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Working with Custom HTTP Handlers

Looking under the hood at ASP.NET MVC routes

During an ASP.NET MVC class I taught recently, I picked up a question about Convention over Configuration (CoC) and how (and where) it applies to ASP.NET MVC. CoC is a development paradigm designed to reduce the number of decisions made during a project. The paradigm is not a philosophy that inspires architectural decisions. It is, instead, all about increasing simplicity without sacrificing flexibility. A convention makes assumptions about the code. If you follow convention, you don’t need to write configuration information anywhere. If you don’t follow convention, you write only what differs in some external file. In ASP.NET MVC, for example, convention tells you where and how to write controller and view classes.

Convention is defined as a usual or accepted way of behaving, often following an old way of thinking. In classic ASP.NET, the usual way of writing pages is authoring an ASPX markup file and corroborating it with a twin class in the code-behind file. When a request is made to an ASP.NET application, the runtime environment resolves it in terms of a disk-based file whose content is processed and determines the response. By convention, ASP.NET Web Forms is a strictly file-based framework. But you can make configuration win over convention by simply taking the right steps.

In this article, I’ll contrast classic Web Forms requests with HTTP handlers and then discuss some of the intricacies you might face when hosting custom HTTP handlers in an ASP.NET MVC application.
HTTP Handlers in ASP.NET
Each ASP.NET request is mapped to a special component known as the HTTP handler. The ASP.NET runtime uses a built-in algorithm to determine the HTTP handler in charge for a given ASP.NET request.

In Web Forms, this algorithm is based on the URL of the requested page, meaning that you'll have a different HTTP handler for each distinct URL you request. If you requested, say, page.aspx, then the HTTP handler is a class named ASP.page_aspx that inherits from the code-behind class you specified in the source code of page.aspx.cs.

If you're missing the link between ASP.NET pages and an HTTP handler, note that an HTTP handler is any class that implements the IHttpHandler interface. Furthermore, the base class System.Web.UI.Page, from which any code-behind class directly or indirectly inherits, is just an HTTP handler.  

Convention says that in Web Forms a request is aimed at a server disk file. An ASP.NET MVC request is, instead, based on a free-form URL. Because both platforms share the same runtime environment, it turns out that free-form URLs in ASP.NET MVC are possible only because of ASP.NET runtime's flexibility.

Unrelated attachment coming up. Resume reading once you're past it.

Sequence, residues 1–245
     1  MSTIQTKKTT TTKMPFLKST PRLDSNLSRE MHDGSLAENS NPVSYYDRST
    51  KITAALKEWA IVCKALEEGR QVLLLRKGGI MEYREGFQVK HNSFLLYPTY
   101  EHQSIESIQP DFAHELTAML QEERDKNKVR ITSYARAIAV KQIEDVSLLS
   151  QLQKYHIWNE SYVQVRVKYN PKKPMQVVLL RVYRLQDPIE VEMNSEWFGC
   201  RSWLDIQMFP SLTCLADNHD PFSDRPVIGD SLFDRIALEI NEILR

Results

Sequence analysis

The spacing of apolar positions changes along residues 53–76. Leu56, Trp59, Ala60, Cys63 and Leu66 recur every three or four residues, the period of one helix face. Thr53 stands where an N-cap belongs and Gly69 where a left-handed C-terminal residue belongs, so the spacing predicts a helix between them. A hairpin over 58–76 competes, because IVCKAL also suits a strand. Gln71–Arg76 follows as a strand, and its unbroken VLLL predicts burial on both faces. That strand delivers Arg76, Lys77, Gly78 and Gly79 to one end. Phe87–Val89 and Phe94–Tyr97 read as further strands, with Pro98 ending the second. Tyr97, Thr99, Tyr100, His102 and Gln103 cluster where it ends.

In a plain ASP.NET Web Forms application you can place requests for any URL you want according to any syntax you wish. If you intend to follow the ASP.NET Web Forms convention, you don’t need to make anything special other than authoring pages. If you intend to violate the convention and support requests with a custom syntax, you have to tweak the configuration—specifically the web.config file.

The code in Figure 1 shows one possible way of registering an HTTP handler that works in a classic Web Forms application.

Figure 1. Registering an HTTP handler via an extension-based URL

                 type="Samples.Components.SimpleHandler" />



Note that the endpoint hello.axd is simply a public resource identifier; it doesn’t have to be a physical resource on the server, such as a file. Nor does it have to end with the .axd extension. The endpoint can be any string that the target handler knows how to process. The endpoint could also be something like the following:



The URL doesn’t point to a file, but it contains information for the handler to process. At the end of the day, this is just what happens in ASP.NET MVC where a specialized HTTP handler determines which controller to invoke from the URL.

Handlers in ASP.NET MVC
If you add the configuration of Figure 1 to an ASP.NET MVC application, it will work like a charm. In a Web Forms application, though, you can easily use any extensions to characterize the HTTP endpoint for the handler, including the well-known .aspx extension. Now try changing the path hello.axd in Figure 1 to hello.aspx.

Interestingly enough, a request for hello.aspx in Web Forms works well regardless of whether such a server resource really exists. The registered handler captures the request and processes it in a nonconventional way.

While it works as expected in a Web Forms application, it will return a nasty HTTP 404 error code if used in the context of an ASP.NET MVC application. To add even more spice, any handlers registered to an .axd and .ashx extension work just fine in ASP.NET MVC.

When you request hello.aspx, the Web server returns a plain HTTP 404, as you can see in the top half of Figure 2. However, by opening the browser's HTML source window you can figure out what went wrong with ASP.NET MVC.

The standard HTTP 404 page embeds debugging information that turns out to be quite helpful for figuring out the mechanics of the error. The inner HTTP exception raised on the server just says


The controller for path '/hello.aspx' could not be found or it does not implement IController.

The message is definitely clear, but does it really explain it all? Well, not entirely. The reason for the failure has to be researched because you don’t have a hello.aspx file in ASP.NET MVC. In ASP.NET MVC, a request for hello.aspx is in some way automatically mapped to a physical matching file; if that file doesn’t exist, you get an HTTP 404 exception. Try adding to the server a file—any file, regardless of the content—with a name of hello.aspx and reiterate the request. To your surprise, it will now work smoothly. Apparently, it seems to be a matter of extension-based URLs in ASP.NET MVC. By supposing so, you won’t go too far from the truth. But before coming to a conclusion let’s experiment more.

Handlers with an AXD Extension